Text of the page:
Biking (Don’t forget the helmet!)SwimmingBrisk walkingWheeling yourself in a wheelchair or engaging in activities that will support you such as chair aerobics It is always a good idea to see your doctor before starting your physical activity program.

Celebrate with Chicken Pozole!

Cinco de Mayo is an annual celebration that commemorates the Mexican army’s defeat of the French army in a battle on May 5, 1862. The holiday also happens to coincide with the start of the season for fresh tomatillos. Green Pozole with Chicken is the perfect dish for the occasion. Ingredients for the salsa: 8 ounces fresh tomatillos, husked, rinsed and quartered (or cut into sixths, if large)1/2 cup coarsely chopped scallion (white and light green part)1/2 cup lightly packed cilantro, leaves and stems1 1/2 tablespoons coarsely chopped serrano (with the ribs and seeds)2 tablespoons vegetable oil1 tablespoon fresh lime juice1 teaspoon minced garlic1/4 teaspoon kosher saltFor the pozole:1 cup finely chopped onion2 tablespoons vegetable oil4 cups chicken broth3 1/2 to 4 cups shredded or cubed rotisserie chickenOne 30-ounce can hominy, rinsed and drainedKosher saltShredded sharp cheddar, tortilla chips, lime wedges and fresh cilantro for garnishPreparation: Make the salsa: In a food processor…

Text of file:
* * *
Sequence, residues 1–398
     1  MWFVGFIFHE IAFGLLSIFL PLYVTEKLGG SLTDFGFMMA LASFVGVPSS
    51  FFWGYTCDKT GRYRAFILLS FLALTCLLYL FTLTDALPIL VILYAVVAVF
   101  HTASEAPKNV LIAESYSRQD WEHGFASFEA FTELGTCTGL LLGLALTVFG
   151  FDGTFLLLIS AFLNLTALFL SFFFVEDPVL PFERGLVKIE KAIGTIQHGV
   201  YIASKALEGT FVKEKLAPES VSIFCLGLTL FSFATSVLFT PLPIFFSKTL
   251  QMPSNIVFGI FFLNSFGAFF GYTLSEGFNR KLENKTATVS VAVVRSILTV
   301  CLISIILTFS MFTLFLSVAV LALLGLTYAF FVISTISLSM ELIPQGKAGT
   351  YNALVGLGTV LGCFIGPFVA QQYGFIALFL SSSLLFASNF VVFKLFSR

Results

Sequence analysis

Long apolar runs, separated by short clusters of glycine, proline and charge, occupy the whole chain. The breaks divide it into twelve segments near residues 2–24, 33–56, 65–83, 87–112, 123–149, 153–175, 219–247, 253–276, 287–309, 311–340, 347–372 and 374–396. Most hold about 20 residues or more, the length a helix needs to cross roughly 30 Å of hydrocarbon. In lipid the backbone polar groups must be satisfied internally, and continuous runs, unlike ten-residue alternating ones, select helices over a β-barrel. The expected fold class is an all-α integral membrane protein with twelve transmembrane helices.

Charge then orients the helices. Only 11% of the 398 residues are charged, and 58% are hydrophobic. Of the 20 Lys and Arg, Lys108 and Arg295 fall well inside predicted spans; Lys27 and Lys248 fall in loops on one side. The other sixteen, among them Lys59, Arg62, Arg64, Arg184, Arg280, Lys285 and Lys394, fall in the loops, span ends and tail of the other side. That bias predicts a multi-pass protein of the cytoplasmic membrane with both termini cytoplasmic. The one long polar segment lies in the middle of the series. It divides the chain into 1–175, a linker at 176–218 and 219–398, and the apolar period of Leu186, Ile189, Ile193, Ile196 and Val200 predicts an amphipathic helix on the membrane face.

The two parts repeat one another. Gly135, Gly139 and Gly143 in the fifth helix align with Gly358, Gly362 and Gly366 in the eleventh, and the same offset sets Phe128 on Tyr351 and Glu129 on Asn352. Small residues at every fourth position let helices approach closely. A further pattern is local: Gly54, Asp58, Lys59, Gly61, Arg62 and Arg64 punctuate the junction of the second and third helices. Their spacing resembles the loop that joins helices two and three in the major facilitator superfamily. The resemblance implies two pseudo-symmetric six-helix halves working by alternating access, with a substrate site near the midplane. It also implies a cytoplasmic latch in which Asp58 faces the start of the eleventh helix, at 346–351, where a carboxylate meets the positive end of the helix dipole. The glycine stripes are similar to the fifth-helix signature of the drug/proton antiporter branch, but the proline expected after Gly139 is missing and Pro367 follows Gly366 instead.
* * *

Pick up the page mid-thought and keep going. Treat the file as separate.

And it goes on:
Why More Fruits and Vegetables Matter

An apple a day just isn't enough! The Journal of Epidemiology & Community Health links eating seven or more servings of fruits and vegetables each day, which amounts to about 2 1/2 to 6 1/2 cups per day, to increased life expectancy. Did you know the average American eats only three servings of fruits and vegetables each day? Don’t let the “seven servings” recommendation overwhelm you. Eat as many fruits and vegetables as you can, and gradually increase the amount to make it a regular part of your daily diet.

Try to incorporate at least five cups of fruit and vegetables each day to ensure your body is getting the vitamins, minerals and fiber it needs. Here are four reasons to eat more fruits and vegetables each day: Reduces your risk for heart disease, cancer and type 2 diabetesProvides essential vitamins, minerals and fiber needed for optimal healthHigh in fiber – helps you feel full longerHelps you lose weight or maintain a healthy weight